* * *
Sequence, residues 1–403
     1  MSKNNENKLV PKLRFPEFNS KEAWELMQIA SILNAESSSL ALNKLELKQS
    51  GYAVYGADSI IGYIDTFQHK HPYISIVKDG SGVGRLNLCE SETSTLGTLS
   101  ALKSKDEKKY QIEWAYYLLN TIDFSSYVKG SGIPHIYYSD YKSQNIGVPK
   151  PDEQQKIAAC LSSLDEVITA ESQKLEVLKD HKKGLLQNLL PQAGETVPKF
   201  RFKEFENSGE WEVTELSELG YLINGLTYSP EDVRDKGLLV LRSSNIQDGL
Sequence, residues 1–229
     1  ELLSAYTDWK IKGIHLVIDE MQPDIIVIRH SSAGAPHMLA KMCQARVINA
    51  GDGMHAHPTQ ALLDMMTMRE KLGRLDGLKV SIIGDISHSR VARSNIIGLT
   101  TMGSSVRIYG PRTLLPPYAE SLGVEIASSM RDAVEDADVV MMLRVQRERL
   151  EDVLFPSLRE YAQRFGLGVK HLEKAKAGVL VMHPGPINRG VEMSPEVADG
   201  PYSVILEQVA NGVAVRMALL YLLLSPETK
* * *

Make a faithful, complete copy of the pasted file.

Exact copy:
Sequence, residues 1–403
     1  MSKNNENKLV PKLRFPEFNS KEAWELMQIA SILNAESSSL ALNKLELKQS
    51  GYAVYGADSI IGYIDTFQHK HPYISIVKDG SGVGRLNLCE SETSTLGTLS
   101  ALKSKDEKKY QIEWAYYLLN TIDFSSYVKG SGIPHIYYSD YKSQNIGVPK
   151  PDEQQKIAAC LSSLDEVITA ESQKLEVLKD HKKGLLQNLL PQAGETVPKF
   201  RFKEFENSGE WEVTELSELG YLINGLTYSP EDVRDKGLLV LRSSNIQDGL
Sequence, residues 1–229
     1  ELLSAYTDWK IKGIHLVIDE MQPDIIVIRH SSAGAPHMLA KMCQARVINA
    51  GDGMHAHPTQ ALLDMMTMRE KLGRLDGLKV SIIGDISHSR VARSNIIGLT
   101  TMGSSVRIYG PRTLLPPYAE SLGVEIASSM RDAVEDADVV MMLRVQRERL
   151  EDVLFPSLRE YAQRFGLGVK HLEKAKAGVL VMHPGPINRG VEMSPEVADG
   201  PYSVILEQVA NGVAVRMALL YLLLSPETK